people
Sport
Loic Remy signs for Chelsea
footballBlues wrap up deal on the eve of the transfer window
News
i100
Arts and Entertainment
Art
Arts and Entertainment
Elizabeth McGovern as Cora, Countess of Grantham and Richard E Grant as Simon Bricker
TV
Life and Style
Instagram daredevils get thousands of followers
techMeet the daredevil photographers redefining urban exploration with death-defying stunts
Arts and Entertainment
Diana Beard, nicknamed by the press as 'Dirty Diana'
TVDaughter says contestant was manipulated 'to boost ratings'
Caption competition
Caption competition
Latest stories from i100
Have you tried new the Independent Digital Edition apps?

Bleacher Report

Daily Quiz
Independent Dating
and  

By clicking 'Search' you
are agreeing to our
Terms of Use.

Day In a Page

Alexander Fury: The designer names to look for at fashion week this season

The big names to look for this fashion week

This week, designers begin to show their spring 2015 collections in New York
Will Self: 'I like Orwell's writing as much as the next talented mediocrity'

'I like Orwell's writing as much as the next talented mediocrity'

Will Self takes aim at Orwell's rules for writing plain English
Meet Afghanistan's middle-class paint-ballers

Meet Afghanistan's middle-class paint-ballers

Toy guns proving a popular diversion in a country flooded with the real thing
Al Pacino wows Venice

Al Pacino wows Venice

Ham among the brilliance as actor premieres two films at festival
Neil Lawson Baker interview: ‘I’ve gained so much from art. It’s only right to give something back’.

Neil Lawson Baker interview

‘I’ve gained so much from art. It’s only right to give something back’.
The other Mugabe who is lining up for the Zimbabwean presidency

The other Mugabe who is lining up for the Zimbabwean presidency

Wife of President Robert Mugabe appears to have her sights set on succeeding her husband
The model of a gadget launch: Cultivate an atmosphere of mystery and excitement to sell stuff people didn't realise they needed

The model for a gadget launch

Cultivate an atmosphere of mystery and excitement to sell stuff people didn't realise they needed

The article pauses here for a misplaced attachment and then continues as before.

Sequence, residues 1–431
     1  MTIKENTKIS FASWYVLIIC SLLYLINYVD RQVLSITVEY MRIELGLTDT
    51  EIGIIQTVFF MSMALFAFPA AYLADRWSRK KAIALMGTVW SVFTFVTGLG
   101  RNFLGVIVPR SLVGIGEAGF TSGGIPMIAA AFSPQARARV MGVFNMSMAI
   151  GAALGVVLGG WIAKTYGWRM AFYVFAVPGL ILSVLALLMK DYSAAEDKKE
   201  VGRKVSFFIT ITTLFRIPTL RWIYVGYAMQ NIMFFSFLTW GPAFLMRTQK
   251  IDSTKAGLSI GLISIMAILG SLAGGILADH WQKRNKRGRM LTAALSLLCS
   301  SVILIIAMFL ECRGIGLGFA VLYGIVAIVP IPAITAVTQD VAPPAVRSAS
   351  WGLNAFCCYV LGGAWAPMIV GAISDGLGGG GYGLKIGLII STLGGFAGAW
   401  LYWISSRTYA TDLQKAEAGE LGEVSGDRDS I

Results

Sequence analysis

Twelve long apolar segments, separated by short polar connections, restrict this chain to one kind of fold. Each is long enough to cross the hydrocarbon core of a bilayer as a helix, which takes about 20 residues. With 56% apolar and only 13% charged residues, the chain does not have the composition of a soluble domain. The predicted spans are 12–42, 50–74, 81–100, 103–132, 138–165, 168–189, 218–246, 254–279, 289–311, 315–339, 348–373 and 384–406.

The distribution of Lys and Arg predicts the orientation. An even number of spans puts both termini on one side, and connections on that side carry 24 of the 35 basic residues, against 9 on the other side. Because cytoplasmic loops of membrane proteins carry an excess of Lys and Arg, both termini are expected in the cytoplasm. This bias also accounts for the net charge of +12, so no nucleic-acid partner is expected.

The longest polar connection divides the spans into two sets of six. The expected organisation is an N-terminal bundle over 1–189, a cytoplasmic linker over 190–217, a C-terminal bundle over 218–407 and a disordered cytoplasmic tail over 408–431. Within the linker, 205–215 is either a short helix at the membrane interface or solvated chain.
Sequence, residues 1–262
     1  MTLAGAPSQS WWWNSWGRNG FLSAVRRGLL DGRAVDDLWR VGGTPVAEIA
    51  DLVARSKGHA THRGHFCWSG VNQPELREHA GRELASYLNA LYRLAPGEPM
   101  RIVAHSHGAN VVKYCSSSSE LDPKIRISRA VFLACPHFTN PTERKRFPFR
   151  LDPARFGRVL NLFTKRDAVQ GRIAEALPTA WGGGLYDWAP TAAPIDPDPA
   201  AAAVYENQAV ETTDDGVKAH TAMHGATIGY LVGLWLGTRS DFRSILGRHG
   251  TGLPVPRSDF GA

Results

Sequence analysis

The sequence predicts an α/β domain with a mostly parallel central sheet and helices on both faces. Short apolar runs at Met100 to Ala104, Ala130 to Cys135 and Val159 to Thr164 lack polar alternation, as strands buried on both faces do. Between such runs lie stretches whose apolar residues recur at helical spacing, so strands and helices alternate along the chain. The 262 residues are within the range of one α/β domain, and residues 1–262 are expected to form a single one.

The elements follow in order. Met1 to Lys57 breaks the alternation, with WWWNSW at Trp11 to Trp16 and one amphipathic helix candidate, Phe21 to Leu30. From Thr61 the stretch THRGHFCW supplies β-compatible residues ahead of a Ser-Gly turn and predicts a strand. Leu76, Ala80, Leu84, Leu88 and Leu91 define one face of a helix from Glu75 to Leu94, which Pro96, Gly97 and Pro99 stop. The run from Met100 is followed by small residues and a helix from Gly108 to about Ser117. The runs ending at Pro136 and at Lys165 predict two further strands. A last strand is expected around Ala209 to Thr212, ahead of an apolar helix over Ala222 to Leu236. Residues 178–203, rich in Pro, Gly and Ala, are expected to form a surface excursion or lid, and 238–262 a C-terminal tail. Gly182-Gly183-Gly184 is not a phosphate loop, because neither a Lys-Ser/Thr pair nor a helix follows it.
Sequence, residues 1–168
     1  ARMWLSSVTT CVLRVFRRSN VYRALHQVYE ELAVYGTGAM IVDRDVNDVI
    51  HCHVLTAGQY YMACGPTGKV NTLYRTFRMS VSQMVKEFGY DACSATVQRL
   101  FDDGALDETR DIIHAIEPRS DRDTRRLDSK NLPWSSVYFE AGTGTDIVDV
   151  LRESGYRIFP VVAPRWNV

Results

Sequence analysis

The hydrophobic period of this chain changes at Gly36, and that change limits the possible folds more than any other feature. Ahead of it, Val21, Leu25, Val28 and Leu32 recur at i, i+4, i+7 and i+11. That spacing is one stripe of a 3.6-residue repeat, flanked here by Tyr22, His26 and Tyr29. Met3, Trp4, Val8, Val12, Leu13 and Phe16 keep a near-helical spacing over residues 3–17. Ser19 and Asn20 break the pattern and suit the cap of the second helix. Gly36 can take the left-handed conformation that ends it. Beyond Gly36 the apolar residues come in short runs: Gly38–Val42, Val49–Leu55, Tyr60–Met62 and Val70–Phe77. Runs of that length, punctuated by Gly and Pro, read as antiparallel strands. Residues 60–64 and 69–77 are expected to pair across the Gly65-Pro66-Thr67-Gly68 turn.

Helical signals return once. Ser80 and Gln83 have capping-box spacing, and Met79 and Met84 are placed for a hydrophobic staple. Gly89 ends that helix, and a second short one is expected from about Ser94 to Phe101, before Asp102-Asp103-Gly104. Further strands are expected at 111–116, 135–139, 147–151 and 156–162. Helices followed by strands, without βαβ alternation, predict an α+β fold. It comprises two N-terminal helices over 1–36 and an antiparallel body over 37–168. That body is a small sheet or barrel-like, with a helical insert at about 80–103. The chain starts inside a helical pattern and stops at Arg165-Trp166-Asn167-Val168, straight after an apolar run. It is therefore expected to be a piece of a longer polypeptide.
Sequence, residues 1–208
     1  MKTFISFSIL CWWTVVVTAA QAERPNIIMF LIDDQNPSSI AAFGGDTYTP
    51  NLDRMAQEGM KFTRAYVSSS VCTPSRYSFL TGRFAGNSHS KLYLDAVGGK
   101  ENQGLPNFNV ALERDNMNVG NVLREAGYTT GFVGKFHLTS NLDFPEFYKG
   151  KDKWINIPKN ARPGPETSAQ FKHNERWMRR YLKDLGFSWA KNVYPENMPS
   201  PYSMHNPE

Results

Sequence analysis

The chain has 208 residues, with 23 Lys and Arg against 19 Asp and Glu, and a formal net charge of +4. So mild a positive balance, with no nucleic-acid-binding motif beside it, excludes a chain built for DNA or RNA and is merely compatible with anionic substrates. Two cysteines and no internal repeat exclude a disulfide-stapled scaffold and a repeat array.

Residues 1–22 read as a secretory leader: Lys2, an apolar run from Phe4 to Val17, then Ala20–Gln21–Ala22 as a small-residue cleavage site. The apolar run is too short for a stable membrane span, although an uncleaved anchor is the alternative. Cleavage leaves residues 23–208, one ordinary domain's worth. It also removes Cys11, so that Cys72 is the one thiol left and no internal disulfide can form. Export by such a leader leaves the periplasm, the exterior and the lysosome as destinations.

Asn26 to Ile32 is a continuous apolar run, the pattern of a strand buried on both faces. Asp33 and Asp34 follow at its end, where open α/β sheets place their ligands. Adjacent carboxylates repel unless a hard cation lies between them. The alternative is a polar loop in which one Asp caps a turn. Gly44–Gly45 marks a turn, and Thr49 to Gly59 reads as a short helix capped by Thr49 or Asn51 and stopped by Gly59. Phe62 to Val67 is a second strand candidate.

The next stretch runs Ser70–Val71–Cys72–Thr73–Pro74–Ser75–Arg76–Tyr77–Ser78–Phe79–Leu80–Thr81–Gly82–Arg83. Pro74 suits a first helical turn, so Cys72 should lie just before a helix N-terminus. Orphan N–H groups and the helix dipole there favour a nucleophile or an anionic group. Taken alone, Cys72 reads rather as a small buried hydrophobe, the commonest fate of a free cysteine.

Alice Roberts: She's done pretty well, for a boffin without a beard

She's done pretty well, for a boffin without a beard

Alice Roberts talks about her new book on evolution - and why her early TV work drew flak from (mostly male) colleagues
Get well soon, Joan Rivers - an inspiration, whether she likes it or not

Get well soon, Joan Rivers

She is awful. But she's also wonderful, not in spite of but because of the fact she's forever saying appalling things, argues Ellen E Jones
Doctor Who Into the Dalek review: A classic sci-fi adventure with all the spectacle of a blockbuster

A fresh take on an old foe

Doctor Who Into the Dalek more than compensated for last week's nonsensical offering
Fashion walks away from the celebrity runway show

Fashion walks away from the celebrity runway show

As the collections start, fashion editor Alexander Fury finds video and the internet are proving more attractive
Meet the stars of TV's Wolf Hall... and it's not the cast of the Tudor trilogy

Meet the stars of TV's Wolf Hall...

... and it's not the cast of the Tudor trilogy
Weekend at the Asylum: Europe's biggest steampunk convention heads to Lincoln

Europe's biggest steampunk convention

Jake Wallis Simons discovers how Victorian ray guns and the martial art of biscuit dunking are precisely what the 21st century needs
Don't swallow the tripe – a user's guide to weasel words

Don't swallow the tripe – a user's guide to weasel words

Lying is dangerous and unnecessary. A new book explains the strategies needed to avoid it. John Rentoul on the art of 'uncommunication'
Daddy, who was Richard Attenborough? Was the beloved thespian the last of the cross-generation stars?

Daddy, who was Richard Attenborough?

The atomisation of culture means that few of those we regard as stars are universally loved any more, says DJ Taylor